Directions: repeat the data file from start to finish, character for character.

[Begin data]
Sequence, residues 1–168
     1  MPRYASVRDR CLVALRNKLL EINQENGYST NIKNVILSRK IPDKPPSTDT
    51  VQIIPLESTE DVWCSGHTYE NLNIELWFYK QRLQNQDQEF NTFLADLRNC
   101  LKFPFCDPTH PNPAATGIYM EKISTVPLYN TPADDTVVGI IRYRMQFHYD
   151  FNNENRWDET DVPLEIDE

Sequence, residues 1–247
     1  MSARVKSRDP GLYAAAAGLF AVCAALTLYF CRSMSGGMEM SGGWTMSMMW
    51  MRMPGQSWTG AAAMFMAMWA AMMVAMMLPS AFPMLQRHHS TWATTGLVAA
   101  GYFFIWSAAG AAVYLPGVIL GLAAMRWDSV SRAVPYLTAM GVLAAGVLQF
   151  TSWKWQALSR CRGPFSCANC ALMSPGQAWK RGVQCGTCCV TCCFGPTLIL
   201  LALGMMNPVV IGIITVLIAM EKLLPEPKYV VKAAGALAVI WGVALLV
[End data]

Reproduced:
Sequence, residues 1–168
     1  MPRYASVRDR CLVALRNKLL EINQENGYST NIKNVILSRK IPDKPPSTDT
    51  VQIIPLESTE DVWCSGHTYE NLNIELWFYK QRLQNQDQEF NTFLADLRNC
   101  LKFPFCDPTH PNPAATGIYM EKISTVPLYN TPADDTVVGI IRYRMQFHYD
   151  FNNENRWDET DVPLEIDE

Sequence, residues 1–247
     1  MSARVKSRDP GLYAAAAGLF AVCAALTLYF CRSMSGGMEM SGGWTMSMMW
    51  MRMPGQSWTG AAAMFMAMWA AMMVAMMLPS AFPMLQRHHS TWATTGLVAA
   101  GYFFIWSAAG AAVYLPGVIL GLAAMRWDSV SRAVPYLTAM GVLAAGVLQF
   151  TSWKWQALSR CRGPFSCANC ALMSPGQAWK RGVQCGTCCV TCCFGPTLIL
   201  LALGMMNPVV IGIITVLIAM EKLLPEPKYV VKAAGALAVI WGVALLV